There was a time when Americans could justifiably take pride in their Presidents, because America has had, at times, some serious bad-ass Presidents who stood tall, spoke their mind and meant what they said. These were men who made the world spin just a little differently on it's axis, and no one wanted to mess with us when they were in the White House.
President Andrew Jackson was such a man. He began his career as a militia officer who excelled at solving "Indian problems" in the American South. Basically, when Indians got out of line and killed settlers, Jackson went down and whipped their asses until the survivors had enough and promised to behave or move west. Then he led a volunteer band from Tennessee and Kentucky down to New Orleans, assembled a pick-up crew that included farmers, shopkeepers, riverboatmen, naval sailors whose ships were sunk, freed blacks, and even pirates, and he cleaned the clocks of a professional British invasion force at Chalmette, Louisiana, killing over 2,000 of them for a loss of about 12-14 Americans.
When not killing Indians or the British, Jackson fought duels with pistols, suffering two serious gunshot wounds himself as a result of these fights but also killing one his opponents in return. He was also the subject of the first assassination attempt against a US President with a crazy house painter by the name of Richard Lawrence ran up and tried to shoot him with two pistols, both of which misfired. Jackson then proceeded to beat Lawrence near to death with his hickory cane before others intervened. How do you not admire a man like that? Even his inauguration was such a rowdy affair when his former soldiers and other frontier supporters showed up at the White House that the White House was nearly destroyed after the free booze caused things to get out of hand. Old Hickory was a President that no one here or abroad ever wanted to mess with.
A bit later, we had Theodore Roosevelt. He was an accomplished big-game hunter, a boxer, and a military man who, among other things, assembled a volunteer cavalry unit made up of cowboys and the upper-crust of Yale and Harvard's sports teams, and led them to Cuba where they kicked Spanish butt all the way up San Juan Hill and back down the other side. "Speak softly but carry a big stick," he said. And America did just that. He brought a lot of Central America under control and got the Panama Canal built. He was a man's man and no one wanted to mess with him. Like Jackson before him, he was the subject of an assassination attempt while campaigning in 1912. A man named John Schrank shot him on the chest, but Roosevelt decided that he was not in any danger of dying from the wound since he wasn't coughing up blood, so he went on to deliver his campaign speech, speaking for 90 minutes while bleeding.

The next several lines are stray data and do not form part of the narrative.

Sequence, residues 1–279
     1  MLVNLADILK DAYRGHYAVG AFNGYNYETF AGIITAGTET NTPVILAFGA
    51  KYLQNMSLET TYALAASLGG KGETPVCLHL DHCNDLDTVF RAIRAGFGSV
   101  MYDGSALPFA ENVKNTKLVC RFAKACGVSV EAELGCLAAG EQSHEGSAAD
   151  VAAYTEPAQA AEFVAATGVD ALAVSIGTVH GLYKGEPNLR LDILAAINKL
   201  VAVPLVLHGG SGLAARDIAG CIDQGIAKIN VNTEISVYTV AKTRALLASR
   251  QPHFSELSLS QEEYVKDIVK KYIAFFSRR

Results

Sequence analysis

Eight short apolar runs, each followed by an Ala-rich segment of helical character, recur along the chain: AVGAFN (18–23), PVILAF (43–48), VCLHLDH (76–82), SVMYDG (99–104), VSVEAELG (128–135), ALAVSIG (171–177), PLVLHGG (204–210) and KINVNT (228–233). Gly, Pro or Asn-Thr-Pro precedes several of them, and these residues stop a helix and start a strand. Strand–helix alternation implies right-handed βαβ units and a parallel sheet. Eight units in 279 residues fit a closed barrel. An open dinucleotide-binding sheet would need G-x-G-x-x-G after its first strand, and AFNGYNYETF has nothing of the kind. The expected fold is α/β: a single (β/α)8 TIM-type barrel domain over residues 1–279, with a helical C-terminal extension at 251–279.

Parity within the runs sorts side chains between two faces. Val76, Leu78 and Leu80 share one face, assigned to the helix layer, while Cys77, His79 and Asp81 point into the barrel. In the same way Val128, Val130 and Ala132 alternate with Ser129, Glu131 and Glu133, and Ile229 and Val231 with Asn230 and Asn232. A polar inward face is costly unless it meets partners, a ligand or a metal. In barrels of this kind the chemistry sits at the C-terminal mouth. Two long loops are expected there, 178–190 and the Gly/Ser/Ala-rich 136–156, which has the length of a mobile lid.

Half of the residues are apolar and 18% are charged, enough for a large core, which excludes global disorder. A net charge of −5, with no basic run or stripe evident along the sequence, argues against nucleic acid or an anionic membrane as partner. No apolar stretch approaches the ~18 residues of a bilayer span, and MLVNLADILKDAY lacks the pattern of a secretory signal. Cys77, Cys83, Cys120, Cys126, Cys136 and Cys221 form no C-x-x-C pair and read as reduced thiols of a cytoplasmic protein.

Following World War Two, America elected it's former Supreme Commander in Europe, Five-Star General Dwight D. Eisenhower, to the Presidency. Again, this man knew how to take care of business. Graduating West Point in 1911, he rose to the General Staff by the time that the US entered the Second World War and his decisions helped bring it to a successful conclusion. He went on to become the first Supreme Commander of NATO, and as President, he was responsible for the development of both our nuclear weapons program and our rise to the challenges of the Space race. He gave is the interstate highway system that we all know and use today (Originally intended to help move military traffic across the country quickly) and he implemented the Eisenhower Doctrine, under which the US would be prepared to respond with force against any aggression committed by a communist country. And the world understood that he wasn't playing.